Iraqi Kurds accused of carrying out ‘mass executions’ of IS suspects
search

Iraqi Kurds accused of carrying out ‘mass executions’ of IS suspects

Human Rights Watch calls for probe into allegations that Kurdish security forces executed 'perhaps hundreds' of male detainees one week last summer

Smoke billows from an area near the Iraqi town of Nawaran, some 10km (six miles) north east of Mosul, as Iraqi Kurdish Peshmerga fighters march down a dirt road on October 20, 2016, during the ongoing operation to retake the city from the Islamic State group. (AFP/Safin Hamed)
Smoke billows from an area near the Iraqi town of Nawaran, some 10km (six miles) north east of Mosul, as Iraqi Kurdish Peshmerga fighters march down a dirt road on October 20, 2016, during the ongoing operation to retake the city from the Islamic State group. (AFP/Safin Hamed)

BAGHDAD, Iraq — Human Rights Watch on Friday accused Iraqi Kurdish security forces of carrying out mass executions of detainees alleged to be members of the Islamic State jihadist group.

The watchdog said the Kurdish peshmerga fighters detained Iraqis and foreigners at a school in Sahel al-Maliha, 70 kilometres (45 miles) northwest of second city Mosul, from which IS was expelled in July.

“The evidence suggests that Asayish (Kurdish) security forces conducted mass executions of captured ISIS (IS, or so-called Islamic State) suspects night after night for a week, perhaps killing scores or even hundreds of male detainees,” said Lama Fakih, HRW’s deputy Middle East director.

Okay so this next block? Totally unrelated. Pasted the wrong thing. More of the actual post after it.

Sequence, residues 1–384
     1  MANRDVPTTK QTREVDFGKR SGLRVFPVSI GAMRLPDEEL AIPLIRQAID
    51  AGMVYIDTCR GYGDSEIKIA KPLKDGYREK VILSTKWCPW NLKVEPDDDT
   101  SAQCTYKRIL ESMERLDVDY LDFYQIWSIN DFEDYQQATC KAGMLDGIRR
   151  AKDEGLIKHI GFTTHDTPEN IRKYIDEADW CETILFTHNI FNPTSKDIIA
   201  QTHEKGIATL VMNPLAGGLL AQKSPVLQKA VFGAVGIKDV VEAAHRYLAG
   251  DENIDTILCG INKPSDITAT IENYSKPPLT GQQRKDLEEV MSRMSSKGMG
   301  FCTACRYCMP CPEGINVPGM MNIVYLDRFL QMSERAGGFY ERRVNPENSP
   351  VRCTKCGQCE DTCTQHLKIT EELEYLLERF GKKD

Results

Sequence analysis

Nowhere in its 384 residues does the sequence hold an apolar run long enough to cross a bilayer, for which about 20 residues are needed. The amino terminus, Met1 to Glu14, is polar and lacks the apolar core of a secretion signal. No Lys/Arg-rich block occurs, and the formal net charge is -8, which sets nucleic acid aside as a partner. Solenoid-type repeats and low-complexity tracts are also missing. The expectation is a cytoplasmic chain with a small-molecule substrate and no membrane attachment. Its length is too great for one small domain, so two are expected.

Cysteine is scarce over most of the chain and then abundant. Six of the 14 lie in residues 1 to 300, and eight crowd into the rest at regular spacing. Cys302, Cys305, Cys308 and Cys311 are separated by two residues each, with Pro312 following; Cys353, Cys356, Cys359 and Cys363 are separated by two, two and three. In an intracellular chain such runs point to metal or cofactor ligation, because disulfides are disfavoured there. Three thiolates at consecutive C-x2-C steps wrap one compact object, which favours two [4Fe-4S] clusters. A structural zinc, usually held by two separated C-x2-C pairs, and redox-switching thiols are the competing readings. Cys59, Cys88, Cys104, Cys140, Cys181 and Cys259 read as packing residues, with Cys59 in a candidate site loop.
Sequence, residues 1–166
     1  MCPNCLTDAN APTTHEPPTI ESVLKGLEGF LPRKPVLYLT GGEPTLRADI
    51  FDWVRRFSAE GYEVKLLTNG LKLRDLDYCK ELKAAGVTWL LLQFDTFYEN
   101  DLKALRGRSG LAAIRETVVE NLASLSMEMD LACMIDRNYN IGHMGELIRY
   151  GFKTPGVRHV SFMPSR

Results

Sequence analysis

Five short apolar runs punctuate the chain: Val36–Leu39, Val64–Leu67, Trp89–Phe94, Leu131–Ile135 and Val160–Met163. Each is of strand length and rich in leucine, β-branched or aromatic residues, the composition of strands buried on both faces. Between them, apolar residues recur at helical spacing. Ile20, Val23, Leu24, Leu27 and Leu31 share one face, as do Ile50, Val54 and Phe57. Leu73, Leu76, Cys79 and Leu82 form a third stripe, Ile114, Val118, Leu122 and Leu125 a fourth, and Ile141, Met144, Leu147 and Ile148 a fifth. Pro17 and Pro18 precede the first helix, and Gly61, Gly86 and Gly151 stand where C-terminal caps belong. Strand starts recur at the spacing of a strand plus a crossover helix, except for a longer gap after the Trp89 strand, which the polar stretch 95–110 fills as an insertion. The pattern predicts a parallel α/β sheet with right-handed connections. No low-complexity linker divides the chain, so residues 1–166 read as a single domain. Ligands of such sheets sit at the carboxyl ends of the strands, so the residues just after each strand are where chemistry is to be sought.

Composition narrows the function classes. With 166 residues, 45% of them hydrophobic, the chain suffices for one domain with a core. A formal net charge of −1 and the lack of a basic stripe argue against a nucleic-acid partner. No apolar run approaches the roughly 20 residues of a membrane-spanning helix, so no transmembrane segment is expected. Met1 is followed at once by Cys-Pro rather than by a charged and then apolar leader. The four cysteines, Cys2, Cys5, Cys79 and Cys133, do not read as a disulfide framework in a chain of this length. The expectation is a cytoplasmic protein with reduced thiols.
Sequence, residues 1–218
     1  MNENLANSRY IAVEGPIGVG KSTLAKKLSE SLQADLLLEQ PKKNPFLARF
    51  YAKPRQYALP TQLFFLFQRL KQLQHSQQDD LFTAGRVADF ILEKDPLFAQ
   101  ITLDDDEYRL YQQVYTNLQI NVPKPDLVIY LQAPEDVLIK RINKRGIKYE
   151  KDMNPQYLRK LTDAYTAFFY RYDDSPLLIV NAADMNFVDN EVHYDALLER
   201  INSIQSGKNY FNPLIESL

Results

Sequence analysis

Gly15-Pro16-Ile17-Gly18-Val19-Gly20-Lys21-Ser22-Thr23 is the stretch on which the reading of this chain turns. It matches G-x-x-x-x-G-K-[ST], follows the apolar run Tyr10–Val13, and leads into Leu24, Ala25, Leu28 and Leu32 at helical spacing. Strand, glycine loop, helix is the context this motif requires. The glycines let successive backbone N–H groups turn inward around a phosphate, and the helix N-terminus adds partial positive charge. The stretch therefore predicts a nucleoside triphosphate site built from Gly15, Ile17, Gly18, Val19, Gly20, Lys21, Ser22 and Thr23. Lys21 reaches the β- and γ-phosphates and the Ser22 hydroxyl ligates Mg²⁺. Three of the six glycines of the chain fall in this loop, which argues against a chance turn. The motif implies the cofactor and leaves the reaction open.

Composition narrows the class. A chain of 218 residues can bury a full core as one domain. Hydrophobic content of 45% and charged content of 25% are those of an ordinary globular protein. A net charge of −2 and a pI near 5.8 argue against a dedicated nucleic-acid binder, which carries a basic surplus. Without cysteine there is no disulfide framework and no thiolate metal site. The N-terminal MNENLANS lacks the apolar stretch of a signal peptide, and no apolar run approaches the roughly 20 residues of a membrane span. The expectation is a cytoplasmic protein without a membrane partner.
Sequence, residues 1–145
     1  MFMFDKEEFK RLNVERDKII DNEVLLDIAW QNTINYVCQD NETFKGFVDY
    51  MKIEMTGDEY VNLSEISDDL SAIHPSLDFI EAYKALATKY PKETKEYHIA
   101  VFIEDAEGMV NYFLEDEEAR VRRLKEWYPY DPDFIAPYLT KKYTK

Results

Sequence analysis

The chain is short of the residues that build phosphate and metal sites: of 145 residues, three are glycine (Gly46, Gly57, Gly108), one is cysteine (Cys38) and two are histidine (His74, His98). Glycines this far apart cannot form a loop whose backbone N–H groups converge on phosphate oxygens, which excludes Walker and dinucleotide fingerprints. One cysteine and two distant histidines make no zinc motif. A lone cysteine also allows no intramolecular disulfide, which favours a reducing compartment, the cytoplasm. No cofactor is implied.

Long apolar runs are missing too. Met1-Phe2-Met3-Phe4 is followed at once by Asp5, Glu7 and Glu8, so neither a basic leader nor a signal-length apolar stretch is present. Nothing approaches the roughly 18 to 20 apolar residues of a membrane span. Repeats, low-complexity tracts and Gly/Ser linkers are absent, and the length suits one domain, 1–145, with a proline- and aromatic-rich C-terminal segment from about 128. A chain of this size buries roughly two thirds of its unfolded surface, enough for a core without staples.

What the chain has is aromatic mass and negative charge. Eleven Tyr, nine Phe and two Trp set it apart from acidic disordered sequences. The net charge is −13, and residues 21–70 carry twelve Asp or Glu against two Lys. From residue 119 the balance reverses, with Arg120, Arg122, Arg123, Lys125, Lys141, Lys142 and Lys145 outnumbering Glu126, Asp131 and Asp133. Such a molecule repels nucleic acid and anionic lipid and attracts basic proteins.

“Iraqi and KRG (Kurdish Regional Government) authorities should urgently and transparently investigate the allegations of mass executions and hold those responsible to account,” she said in a statement.

The executions allegedly occurred between August 28 and September 3.

Questioned about the report by HRW, Iraqi Kurd government official Dindar Zebari denied the accusations.

A Kurdish security officer on the lookout for Islamic State fighters in Iraq’s Kirkuk. (YouTube screenshot)

Zebari said that according to the head of the Asayish, the peshmerga were battling IS on a 71-kilometer (44 miles) front line as the jihadists attempted to flee to Syria.

During the clashes, many IS and peshmerga fighters died, and “the corpses of the killed ISIS members in this fighting were probably brought to one place to be buried,” the Asayish chief was quoted as saying.

The front line is located about 40 kilometers (25 miles) from the site at which the bodies were found, said HRW, casting doubt on his account.

“This explanation does not match the state the bodies were found in, shot in the head” and buried “in a solitary desert area, far from where any fighting had occurred,” said the watchdog.

read more:
comments